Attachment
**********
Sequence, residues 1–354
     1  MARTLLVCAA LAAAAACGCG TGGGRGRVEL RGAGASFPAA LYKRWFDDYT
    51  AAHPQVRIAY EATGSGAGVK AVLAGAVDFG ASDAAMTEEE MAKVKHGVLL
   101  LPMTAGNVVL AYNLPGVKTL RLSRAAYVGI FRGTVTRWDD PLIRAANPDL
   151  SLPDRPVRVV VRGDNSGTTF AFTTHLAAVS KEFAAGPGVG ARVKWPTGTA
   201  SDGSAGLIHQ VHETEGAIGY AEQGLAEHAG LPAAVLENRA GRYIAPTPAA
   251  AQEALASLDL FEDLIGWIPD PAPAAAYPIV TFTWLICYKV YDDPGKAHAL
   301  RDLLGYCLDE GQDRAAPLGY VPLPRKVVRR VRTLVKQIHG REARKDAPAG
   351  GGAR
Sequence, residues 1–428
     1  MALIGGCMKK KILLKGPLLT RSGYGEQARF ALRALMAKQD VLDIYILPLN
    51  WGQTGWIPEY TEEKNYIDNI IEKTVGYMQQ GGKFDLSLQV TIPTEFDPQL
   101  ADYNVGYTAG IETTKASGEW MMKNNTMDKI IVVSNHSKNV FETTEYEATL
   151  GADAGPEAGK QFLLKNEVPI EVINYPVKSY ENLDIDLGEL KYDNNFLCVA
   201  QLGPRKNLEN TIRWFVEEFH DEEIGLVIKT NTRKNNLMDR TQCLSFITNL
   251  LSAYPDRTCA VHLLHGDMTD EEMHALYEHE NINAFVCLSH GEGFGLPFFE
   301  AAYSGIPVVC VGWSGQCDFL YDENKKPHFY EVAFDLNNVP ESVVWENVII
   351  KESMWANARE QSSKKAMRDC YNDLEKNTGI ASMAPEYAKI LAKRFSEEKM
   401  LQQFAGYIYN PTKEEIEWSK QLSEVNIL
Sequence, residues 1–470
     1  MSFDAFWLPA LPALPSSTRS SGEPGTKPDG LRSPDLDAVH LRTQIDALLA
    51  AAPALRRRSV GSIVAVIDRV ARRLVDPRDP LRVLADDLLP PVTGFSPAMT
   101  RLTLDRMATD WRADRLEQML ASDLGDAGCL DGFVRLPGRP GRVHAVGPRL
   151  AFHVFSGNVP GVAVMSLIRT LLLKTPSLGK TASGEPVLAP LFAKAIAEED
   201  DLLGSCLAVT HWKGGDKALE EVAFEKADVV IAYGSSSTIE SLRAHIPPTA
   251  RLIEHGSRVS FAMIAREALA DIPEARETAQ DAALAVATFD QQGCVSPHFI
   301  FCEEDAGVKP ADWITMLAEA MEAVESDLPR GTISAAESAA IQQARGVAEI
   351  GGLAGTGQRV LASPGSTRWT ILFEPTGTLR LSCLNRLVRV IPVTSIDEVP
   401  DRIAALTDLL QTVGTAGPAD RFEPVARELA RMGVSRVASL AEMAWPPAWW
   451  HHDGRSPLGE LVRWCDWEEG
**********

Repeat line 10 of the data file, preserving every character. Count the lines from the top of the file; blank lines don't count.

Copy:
Sequence, residues 1–428